Master of Science (M.S.) in Dentistry
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College of Dental Medicine
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Nova Southeastern University
Liliam Hernandez. 2018. Effect of Tooth Angulation, Archwire Material and Vibration on Resistance to Sliding in Conventional Twin Brackets. Master's thesis. Nova Southeastern University. Retrieved from NSUWorks, College of Dental Medicine. (86)
Objective: The purpose of this study was to evaluate the effect of bracket angulation, archwire material, and vibration on the resistance to sliding of orthodontic brackets to slide along an archwire. Background: In Orthodontics, resistance to sliding generated at the wire-bracket interface has a bearing on the force transmitted to the teeth. Resistance to tooth movement in orthodontics can occur in one of two ways. One, is when a practitioner closes a space at an extraction site and the brackets slide along the archwire. The other is when teeth tip, and the angulation between the bracket and archwire produces binding and notching. In both situations, friction takes place because the archwire-bracket combination produces resistance to sliding through static and kinetic friction. For these reasons, resistance to sliding becomes a concern of all practitioners. Orthodontic appliance manufacturers frequently design innovations aimed towards improving the efficiency of tooth movement. Among these innovations are new orthodontic wires (e.g., friction-reducing Black-Ti archwire), different bracket designs (e.g., self-ligating), and the application of vibration, (e.g., AcceleDent) during active orthodontic tooth movement. Methods: In order to measure and compare resistance to sliding of orthodontic brackets along an archwire, and the effect of bracket angulation, archwire material and vibration, two test apparatuses were constructed using two simulated bone blocks. Standard 0.022” x 0.028” slot twin orthodontic brackets (0° tip, 0° torque, no offset) were bonded to maxillary first premolar typodont teeth for each of the test apparatuses. Test Apparatus 1 was assembled with a 0° angulation between the brackets’ slots bonded to each tooth. Test Apparatus 2 was assembled with a 5° angulation on the bracket located on the middle (center bracket). Three different wires: 0.019” x 0.025” Black-Ti, 0.019” x 0.025” conventional NiTi and 0.019” x 0.025” SS were ligated to the conventional twin brackets with elastomeric modules. The wires were pulled to slide along the brackets’ slots using a Universal Testing Machine at a crosshead speed of 5 mm/min for 1 minute. The vibration device was turned on the vibration group at the 0 second point, and applying 30Hz vibratory force to the teeth for the entire test. Results: Vibration significantly reduced resistance to sliding for 0.019” x 0.025” Black-Ti wire, 0.019” x 0.025” conventional NiTi and 0.019” x 0.025” SS at both 0° and 5°angulations (p0.05). The Black-Ti wire presented the highest values of all tested groups in resistance to sliding when no vibration was applied and 5° angulation between the brackets slots and the wire exist. Conclusions: The results of this in vitro study show that the degree of angulation between the wire and the brackets’ slots (5° vs 0°) was the most important variable influencing the resistance to sliding of orthodontic brackets along the archwire. Vibration plays an important role on sliding resistance, showing a statistically significant reduction in resistance to sliding in the orthodontic bracket-wire interface, when compared to the control group in which vibration was not applied.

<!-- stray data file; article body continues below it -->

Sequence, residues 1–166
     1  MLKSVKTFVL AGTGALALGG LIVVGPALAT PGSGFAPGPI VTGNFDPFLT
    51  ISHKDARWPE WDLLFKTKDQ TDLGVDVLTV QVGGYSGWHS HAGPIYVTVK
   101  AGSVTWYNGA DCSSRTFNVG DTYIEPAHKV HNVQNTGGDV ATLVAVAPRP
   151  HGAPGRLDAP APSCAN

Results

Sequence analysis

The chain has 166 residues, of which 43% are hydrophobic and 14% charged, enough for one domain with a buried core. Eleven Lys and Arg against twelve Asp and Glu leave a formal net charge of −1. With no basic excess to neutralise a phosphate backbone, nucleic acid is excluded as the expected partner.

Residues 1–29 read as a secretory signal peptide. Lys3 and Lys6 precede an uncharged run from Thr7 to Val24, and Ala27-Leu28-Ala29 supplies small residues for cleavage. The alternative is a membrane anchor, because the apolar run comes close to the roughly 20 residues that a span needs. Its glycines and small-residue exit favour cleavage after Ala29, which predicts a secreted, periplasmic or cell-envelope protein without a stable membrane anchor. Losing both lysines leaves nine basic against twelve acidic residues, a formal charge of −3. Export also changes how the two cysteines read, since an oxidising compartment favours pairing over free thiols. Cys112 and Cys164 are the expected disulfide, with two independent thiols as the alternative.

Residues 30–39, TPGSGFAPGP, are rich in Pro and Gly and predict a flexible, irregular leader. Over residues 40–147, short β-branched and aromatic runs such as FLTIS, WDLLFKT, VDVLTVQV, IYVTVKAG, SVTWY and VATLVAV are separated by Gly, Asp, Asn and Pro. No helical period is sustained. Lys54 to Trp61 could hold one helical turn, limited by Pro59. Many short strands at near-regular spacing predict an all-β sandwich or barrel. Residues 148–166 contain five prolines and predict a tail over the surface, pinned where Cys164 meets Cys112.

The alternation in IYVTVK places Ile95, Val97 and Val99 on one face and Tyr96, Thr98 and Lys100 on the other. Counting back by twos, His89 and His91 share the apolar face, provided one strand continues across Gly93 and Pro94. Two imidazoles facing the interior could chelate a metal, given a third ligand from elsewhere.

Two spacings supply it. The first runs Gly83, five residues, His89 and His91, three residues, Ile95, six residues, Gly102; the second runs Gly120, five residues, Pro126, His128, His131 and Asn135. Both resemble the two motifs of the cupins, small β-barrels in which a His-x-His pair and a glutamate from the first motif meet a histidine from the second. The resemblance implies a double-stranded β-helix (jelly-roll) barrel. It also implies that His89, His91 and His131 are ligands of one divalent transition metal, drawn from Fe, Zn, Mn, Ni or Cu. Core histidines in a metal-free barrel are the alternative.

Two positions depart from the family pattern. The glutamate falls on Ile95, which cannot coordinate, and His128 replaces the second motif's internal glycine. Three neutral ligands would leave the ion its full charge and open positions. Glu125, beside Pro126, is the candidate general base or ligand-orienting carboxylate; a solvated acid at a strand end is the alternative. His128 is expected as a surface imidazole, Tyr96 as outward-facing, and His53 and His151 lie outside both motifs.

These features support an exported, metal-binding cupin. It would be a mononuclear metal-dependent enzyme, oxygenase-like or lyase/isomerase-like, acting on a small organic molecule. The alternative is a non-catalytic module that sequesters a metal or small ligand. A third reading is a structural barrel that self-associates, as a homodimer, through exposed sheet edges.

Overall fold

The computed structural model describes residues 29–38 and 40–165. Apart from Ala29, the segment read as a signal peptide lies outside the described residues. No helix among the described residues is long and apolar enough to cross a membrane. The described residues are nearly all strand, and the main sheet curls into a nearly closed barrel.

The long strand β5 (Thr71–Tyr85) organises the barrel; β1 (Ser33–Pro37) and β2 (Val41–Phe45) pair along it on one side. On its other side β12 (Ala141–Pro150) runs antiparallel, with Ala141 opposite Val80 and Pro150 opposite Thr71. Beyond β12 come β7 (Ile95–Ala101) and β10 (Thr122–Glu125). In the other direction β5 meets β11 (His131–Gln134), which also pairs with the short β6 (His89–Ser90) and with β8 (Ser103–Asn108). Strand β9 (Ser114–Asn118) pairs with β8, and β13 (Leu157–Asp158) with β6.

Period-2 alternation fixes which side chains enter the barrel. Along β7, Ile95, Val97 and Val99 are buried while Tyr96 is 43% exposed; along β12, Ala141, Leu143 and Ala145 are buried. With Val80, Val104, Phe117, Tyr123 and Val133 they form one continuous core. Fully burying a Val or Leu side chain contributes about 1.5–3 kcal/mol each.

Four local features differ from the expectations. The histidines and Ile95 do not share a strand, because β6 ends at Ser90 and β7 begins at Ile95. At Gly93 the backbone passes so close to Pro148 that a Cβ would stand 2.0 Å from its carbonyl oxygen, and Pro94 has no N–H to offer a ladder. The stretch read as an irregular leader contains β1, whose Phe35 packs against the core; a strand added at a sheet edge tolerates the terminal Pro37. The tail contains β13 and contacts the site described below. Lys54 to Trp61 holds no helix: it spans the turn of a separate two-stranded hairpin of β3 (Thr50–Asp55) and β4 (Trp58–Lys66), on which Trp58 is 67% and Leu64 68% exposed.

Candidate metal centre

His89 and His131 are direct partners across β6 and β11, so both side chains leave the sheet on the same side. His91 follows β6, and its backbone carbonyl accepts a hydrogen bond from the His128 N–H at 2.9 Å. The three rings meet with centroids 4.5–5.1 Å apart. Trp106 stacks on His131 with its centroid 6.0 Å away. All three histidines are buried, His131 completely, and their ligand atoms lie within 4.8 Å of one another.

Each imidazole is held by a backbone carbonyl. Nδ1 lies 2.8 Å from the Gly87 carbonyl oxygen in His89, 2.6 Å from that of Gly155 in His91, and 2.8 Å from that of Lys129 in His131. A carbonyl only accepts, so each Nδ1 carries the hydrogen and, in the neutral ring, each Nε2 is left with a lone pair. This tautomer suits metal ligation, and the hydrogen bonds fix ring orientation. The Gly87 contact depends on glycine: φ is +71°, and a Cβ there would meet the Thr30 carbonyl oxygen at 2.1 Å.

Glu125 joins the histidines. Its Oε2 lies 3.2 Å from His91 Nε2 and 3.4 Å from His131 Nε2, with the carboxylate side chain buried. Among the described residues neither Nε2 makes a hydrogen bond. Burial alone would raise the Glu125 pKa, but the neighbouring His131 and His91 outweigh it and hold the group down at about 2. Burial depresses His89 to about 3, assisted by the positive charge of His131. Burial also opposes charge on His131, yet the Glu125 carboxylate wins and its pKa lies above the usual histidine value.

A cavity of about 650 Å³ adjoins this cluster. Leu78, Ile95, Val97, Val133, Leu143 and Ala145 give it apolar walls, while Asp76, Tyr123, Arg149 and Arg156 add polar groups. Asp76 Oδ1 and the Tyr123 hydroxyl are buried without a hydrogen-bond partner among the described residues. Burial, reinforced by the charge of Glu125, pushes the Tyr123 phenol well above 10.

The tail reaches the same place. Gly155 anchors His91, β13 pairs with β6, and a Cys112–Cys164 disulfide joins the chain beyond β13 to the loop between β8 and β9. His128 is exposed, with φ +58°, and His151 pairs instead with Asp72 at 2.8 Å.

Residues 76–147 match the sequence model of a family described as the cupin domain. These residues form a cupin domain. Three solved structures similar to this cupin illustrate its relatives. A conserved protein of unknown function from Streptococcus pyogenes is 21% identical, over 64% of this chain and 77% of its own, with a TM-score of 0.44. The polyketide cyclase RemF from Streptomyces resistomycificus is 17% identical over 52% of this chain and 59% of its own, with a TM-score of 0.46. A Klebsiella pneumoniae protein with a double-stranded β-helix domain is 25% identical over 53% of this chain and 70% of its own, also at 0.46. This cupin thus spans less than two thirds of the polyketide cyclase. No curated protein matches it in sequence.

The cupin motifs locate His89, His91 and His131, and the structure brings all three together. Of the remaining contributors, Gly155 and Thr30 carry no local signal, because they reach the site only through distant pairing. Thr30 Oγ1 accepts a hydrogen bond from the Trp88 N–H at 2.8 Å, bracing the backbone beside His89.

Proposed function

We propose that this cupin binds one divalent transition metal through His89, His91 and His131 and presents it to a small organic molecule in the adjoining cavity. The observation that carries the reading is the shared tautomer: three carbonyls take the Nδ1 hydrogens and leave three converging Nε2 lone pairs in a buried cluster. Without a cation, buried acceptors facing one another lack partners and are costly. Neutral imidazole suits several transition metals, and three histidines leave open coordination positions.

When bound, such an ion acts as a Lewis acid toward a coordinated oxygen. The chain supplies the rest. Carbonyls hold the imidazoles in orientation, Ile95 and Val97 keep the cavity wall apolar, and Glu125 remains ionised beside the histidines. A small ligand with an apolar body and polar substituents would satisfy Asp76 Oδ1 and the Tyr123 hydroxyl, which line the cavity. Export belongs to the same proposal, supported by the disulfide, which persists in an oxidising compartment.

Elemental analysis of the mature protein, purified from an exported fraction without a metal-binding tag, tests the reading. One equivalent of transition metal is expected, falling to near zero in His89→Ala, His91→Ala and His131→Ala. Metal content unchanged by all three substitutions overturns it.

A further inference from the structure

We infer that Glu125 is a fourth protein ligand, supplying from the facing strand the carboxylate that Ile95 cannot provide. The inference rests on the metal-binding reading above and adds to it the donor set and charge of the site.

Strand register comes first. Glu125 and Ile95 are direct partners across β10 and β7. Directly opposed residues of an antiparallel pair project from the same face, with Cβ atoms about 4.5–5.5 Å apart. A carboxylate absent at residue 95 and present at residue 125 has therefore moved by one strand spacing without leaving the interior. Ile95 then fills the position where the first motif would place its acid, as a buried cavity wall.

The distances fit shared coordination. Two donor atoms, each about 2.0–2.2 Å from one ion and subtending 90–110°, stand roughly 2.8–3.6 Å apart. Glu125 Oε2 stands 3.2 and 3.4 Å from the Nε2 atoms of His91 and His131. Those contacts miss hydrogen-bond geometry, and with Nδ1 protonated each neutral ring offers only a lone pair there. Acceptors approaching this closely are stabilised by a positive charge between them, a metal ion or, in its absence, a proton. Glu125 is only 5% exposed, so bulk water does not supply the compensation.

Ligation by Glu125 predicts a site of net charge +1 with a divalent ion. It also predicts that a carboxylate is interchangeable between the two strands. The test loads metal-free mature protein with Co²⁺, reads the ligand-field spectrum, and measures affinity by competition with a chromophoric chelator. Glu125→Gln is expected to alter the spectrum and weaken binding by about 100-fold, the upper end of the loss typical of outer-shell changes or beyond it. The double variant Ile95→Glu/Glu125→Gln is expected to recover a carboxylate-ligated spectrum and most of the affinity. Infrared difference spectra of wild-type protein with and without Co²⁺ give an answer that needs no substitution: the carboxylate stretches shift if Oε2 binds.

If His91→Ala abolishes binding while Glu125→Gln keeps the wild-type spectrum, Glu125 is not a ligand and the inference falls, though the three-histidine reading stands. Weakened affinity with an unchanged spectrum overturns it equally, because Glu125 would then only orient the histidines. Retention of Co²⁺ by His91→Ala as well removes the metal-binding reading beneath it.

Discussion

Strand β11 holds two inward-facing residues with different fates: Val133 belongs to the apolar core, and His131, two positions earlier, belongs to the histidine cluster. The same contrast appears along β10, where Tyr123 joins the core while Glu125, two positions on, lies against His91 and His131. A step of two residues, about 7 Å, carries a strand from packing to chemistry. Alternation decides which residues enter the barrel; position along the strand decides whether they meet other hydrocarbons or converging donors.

Orthodontic brackets, Archwire, Resistance
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